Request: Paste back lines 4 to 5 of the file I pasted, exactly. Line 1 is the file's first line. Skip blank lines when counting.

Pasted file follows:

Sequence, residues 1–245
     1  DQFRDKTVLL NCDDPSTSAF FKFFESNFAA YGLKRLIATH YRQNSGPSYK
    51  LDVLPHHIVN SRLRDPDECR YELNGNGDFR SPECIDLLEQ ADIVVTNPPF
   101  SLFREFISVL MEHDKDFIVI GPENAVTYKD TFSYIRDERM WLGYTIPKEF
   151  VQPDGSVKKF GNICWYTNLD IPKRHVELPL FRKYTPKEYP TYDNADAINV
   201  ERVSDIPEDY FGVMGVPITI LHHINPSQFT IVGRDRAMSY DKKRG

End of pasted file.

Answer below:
   101  SLFREFISVL MEHDKDFIVI GPENAVTYKD TFSYIRDERM WLGYTIPKEF
   151  VQPDGSVKKF GNICWYTNLD IPKRHVELPL FRKYTPKEYP TYDNADAINV